Conflict in the Church

Acts 15:1-29 recounts an important event in the early Christian church known as the Council of Jerusalem. The passage highlights a conflict between the Jewish Christians, who believed that Gentile converts should observe certain Jewish customs, and the Gentile believers, who argued for the freedom to follow Christ without the burden of these traditions.

The passage begins with some men from Judea coming to Antioch and teaching that Gentile believers must be circumcised according to the law of Moses to be saved. This created friction and controversy among the believers in Antioch. Paul and Barnabas disagreed with the Judiazers.

The Antioch church sent Paul, Barnabas, and a few others to Jerusalem to discuss this matter with the apostles and elders. Upon their arrival, they were warmly received by the church in Jerusalem.

During the council, there were discussions and debates about whether Gentile believers should be circumcised and follow the law of Moses. Peter stood up and reminded everyone that God had accepted the Gentiles by giving them the Holy Spirit, just as He had done with the Jewish believers. He argued against imposing the burden of the law on the Gentiles, stating that salvation comes through faith in Jesus Christ.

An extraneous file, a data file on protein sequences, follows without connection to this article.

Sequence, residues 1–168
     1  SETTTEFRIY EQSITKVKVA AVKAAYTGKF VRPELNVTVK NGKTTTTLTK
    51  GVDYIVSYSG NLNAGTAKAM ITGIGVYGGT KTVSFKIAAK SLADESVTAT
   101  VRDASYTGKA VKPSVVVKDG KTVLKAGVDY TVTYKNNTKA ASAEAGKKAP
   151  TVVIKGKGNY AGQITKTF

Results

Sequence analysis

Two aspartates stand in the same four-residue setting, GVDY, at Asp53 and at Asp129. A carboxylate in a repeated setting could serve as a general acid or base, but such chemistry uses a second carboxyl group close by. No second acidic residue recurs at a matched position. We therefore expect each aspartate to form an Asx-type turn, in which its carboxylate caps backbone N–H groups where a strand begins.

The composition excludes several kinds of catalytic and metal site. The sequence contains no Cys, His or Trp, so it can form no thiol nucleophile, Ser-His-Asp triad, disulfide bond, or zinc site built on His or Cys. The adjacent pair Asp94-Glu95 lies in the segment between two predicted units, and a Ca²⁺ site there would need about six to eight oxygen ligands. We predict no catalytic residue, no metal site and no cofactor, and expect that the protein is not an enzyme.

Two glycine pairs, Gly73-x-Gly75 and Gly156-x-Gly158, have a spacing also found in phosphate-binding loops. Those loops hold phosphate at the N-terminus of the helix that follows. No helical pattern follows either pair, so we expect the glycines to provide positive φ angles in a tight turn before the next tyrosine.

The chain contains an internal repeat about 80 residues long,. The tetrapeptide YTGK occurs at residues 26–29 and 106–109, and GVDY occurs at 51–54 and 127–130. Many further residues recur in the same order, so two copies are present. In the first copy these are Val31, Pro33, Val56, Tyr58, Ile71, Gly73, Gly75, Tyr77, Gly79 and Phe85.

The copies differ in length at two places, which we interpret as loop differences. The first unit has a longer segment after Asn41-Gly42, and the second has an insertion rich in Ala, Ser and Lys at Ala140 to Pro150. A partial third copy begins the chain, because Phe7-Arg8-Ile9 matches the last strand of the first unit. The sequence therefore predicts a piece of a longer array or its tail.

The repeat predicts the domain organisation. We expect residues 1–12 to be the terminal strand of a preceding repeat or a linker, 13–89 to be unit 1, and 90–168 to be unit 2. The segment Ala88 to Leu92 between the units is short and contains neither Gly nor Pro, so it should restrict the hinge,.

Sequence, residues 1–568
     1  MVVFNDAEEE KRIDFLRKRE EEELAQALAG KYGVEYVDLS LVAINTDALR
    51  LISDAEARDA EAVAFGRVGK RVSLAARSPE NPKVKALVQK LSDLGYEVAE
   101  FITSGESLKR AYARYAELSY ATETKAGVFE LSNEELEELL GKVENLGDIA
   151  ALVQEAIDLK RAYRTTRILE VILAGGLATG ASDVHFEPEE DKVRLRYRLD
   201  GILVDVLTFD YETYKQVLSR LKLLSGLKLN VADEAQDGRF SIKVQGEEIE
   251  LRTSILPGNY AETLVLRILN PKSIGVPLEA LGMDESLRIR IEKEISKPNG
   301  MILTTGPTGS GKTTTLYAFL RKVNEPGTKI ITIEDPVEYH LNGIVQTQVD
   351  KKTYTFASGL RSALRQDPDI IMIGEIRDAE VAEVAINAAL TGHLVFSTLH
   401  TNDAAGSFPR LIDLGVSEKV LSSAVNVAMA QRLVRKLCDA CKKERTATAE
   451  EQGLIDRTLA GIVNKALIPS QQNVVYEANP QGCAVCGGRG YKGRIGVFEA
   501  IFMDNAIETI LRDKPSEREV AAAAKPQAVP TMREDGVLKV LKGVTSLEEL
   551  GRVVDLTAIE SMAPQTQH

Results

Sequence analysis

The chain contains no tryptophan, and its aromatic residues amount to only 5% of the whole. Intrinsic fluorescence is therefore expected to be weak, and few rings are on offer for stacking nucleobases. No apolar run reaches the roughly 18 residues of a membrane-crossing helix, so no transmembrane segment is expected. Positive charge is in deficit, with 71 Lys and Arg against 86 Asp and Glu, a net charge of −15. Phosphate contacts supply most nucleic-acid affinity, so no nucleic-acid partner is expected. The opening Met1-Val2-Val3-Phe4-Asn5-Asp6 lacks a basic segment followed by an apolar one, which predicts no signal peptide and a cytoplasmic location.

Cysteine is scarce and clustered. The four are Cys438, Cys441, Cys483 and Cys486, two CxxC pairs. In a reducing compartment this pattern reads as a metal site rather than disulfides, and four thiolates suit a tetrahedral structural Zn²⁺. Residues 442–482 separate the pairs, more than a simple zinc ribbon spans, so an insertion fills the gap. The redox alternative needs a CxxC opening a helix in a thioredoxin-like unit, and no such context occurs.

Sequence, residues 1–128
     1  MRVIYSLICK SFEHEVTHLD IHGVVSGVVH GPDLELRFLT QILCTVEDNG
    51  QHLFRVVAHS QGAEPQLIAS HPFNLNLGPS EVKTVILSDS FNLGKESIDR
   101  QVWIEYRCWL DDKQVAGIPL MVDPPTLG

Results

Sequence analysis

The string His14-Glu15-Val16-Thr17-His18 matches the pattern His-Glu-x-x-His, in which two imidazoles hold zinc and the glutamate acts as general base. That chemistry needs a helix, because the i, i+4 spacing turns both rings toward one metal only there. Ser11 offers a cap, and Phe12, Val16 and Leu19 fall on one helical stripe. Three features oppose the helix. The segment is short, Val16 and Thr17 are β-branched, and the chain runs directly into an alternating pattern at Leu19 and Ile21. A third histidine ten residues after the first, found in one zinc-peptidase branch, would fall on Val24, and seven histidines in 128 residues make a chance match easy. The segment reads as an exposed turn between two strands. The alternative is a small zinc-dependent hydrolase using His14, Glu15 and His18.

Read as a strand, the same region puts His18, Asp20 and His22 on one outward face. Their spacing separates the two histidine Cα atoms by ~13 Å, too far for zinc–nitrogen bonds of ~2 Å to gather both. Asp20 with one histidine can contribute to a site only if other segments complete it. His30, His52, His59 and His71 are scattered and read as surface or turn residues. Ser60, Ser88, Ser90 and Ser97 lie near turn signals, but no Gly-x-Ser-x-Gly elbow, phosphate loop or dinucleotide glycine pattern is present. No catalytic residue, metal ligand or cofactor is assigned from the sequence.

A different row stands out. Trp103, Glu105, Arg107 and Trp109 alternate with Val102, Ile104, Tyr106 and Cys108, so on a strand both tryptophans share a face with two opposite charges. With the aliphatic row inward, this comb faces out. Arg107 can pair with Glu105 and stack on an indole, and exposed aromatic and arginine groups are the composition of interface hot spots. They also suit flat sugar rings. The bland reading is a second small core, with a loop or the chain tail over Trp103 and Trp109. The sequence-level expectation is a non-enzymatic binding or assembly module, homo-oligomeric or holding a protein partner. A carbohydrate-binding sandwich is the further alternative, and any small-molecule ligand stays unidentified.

After Peter’s speech, Paul and Barnabas shared their experiences of God’s work among the Gentiles, emphasizing the signs and wonders that occurred through their ministry. James then gave his judgment, citing scriptural evidence and aligning with Peter’s position. He proposed that they not trouble the Gentiles with the requirements of the law except for a few guidelines.

The council agreed with James’ proposal, and a letter was drafted to be sent back to Antioch with Paul, Barnabas, and others. The letter affirmed the council’s decision, stating that Gentile believers were not required to be circumcised or follow the law of Moses. However, they were urged to abstain from certain practices associated with idolatry, sexual immorality, and consuming blood or strangled animals.

Upon receiving the letter, the church in Antioch rejoiced and encouraged the believers, bringing unity and clarity to the issue. Paul and Barnabas remained in Antioch, teaching and preaching the word of God.

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MSAC Bible Challenge

Sunday: Psalm 26-31, Monday: Psalm 32-35, Tuesday: Psalm 36-39, Wednesday: Psalm 40-45,
Thursday: Psalm 46-50, Friday: Psalm 51-57, Saturday: Psalm 58-65, Sunday: Psalm 66-69